Hot off the (screen) press: Lucy Vincent Apparel

Hand-dyed, screenprinted Ts make a splash on Martha’s Vineyard.


Chandler Cook moved to the Island five years ago with a passion for all things art, and a love for the place that held cherished memories from childhood summers. Cook moved to Chilmark after attending Lesley University College of Art and Design with a combined major in photography and videography. Two years ago, Cook took her next step in the arts, starting a local business, Lucy Vincent Apparel, named after the iconic Chilmark beach, which offers hand-dyed and screenprinted T shirts and designs.

“I wanted to start making things with my hands again,” Cook told The Local, “so I decided to look into screenprinting, and a good friend of mine, Liane FitzGerald of Roy Bikini, actually started teaching me the process.”

Cook sources fabric for her apparel from a factory in California, and most of the products are 48 percent cotton and 52 percent polyester. Once she receives the raw product, she hand-dip-dyes the Ts using nontoxic dye, and hangs them to dry on clotheslines outside her small studio in Chilmark. Then she creates the screens to print the iconic “Lucy” name, with the sedimentary rock logo. Cook prints on T shirts, crop tops, tanks, sweatshirts, tote bags, and more.

Screenprinting is a printing technique that uses mesh material to transfer ink onto a surface, except in areas made impermeable to the ink by a blocking stencil. Cook hand-burns her screens to create the stencils she uses for her designs. Aside from the classic “Lucy” name and rock logo, Cook also creates screens that read “Chappaquiddick,” “SurfMV,” and “AQMV.”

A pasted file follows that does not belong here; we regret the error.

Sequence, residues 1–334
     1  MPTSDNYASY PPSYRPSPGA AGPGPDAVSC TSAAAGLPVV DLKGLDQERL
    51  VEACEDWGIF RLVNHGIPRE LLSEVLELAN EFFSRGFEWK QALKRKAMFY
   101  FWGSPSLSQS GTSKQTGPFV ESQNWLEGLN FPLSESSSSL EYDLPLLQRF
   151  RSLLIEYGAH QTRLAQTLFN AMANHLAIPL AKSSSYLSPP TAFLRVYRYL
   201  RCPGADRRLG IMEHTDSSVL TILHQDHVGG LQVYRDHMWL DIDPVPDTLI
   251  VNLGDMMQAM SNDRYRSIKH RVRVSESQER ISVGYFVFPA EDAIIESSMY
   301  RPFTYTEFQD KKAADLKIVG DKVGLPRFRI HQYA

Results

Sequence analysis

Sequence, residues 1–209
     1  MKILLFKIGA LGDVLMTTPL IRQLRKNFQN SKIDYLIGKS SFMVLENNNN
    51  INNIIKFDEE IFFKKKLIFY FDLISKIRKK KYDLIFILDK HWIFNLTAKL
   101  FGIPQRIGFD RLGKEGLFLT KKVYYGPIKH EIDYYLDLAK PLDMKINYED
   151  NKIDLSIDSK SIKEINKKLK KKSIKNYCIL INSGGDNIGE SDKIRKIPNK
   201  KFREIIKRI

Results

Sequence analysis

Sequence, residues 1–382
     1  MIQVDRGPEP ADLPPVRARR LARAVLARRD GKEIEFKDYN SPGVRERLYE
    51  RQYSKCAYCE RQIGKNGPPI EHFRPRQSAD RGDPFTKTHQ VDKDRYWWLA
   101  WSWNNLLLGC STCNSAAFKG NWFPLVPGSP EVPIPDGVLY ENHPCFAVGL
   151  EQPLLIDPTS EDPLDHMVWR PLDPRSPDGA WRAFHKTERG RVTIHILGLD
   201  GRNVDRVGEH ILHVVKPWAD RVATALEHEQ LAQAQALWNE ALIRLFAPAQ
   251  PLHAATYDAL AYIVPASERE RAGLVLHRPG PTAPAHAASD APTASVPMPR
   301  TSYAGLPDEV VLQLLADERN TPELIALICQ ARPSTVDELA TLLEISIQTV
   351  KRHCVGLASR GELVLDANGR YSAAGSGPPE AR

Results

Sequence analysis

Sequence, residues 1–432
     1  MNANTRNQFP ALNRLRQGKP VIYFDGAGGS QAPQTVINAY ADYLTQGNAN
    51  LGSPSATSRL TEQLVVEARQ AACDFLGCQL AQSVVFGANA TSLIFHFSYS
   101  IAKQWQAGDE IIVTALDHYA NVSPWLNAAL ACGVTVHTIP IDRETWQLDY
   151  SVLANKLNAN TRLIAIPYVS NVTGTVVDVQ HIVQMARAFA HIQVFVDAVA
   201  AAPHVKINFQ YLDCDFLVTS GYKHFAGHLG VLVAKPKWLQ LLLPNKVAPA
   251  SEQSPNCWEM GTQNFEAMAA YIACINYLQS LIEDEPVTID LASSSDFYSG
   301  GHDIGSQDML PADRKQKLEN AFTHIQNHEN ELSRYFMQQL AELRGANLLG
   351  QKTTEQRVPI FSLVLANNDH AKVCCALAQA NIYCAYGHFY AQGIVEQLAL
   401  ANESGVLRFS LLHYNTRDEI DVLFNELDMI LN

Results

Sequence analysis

Cook sells her apparel at Citrine in Vineyard Haven, Salte in Edgartown, Allen Farm, the Chilmark Flea Market, and Island pop-ups. Cook plans to donate part of Lucy Vincent Apparel profits to conservation organizations that help to preserve oceans and beaches; those partnerships that are still in the works, according to Cook. “Oceans have always been really important to me, and it’s an even bigger issue now,” she said. “I didn’t want to start up another T shirt company just because. I wanted to give back and be sustainable.”

When discussing the scope of Cook’s brand, it’s easy to forget she’s running it solo, with little assistance. “It’s just me in my studio until God knows when,” she said. Cook’s mother and sister occasionally step in, but for the bulk of the year, she’s hard at work on Lucy Vincent Apparel in between jobs as a nanny, gardener, freelance photographer, assistant to a wedding coordinator, and assistant to a private chef. “It all kind of flew together, and just stuck,” Cook explained.

Everything is one-of-a-kind, and each item is part of a limited run, style, and color. Depending on the product, some items can even be customized. Salte offers its own limited edition styles in partnership with Cook.

Lucy Vincent Apparel is appealing to tourists and locals alike, especially because of the connection that many form to the name Lucy, and a love for the up-Island beach.

“I didn’t want to be another girl with another clothing company,” Cook explained. And while it has certainly made for a packed workday, Cook said, she wouldn’t have it any other way.

For more information and updates on Lucy Vincent Apparel, visit the Instagram page @lucyvincentapparel.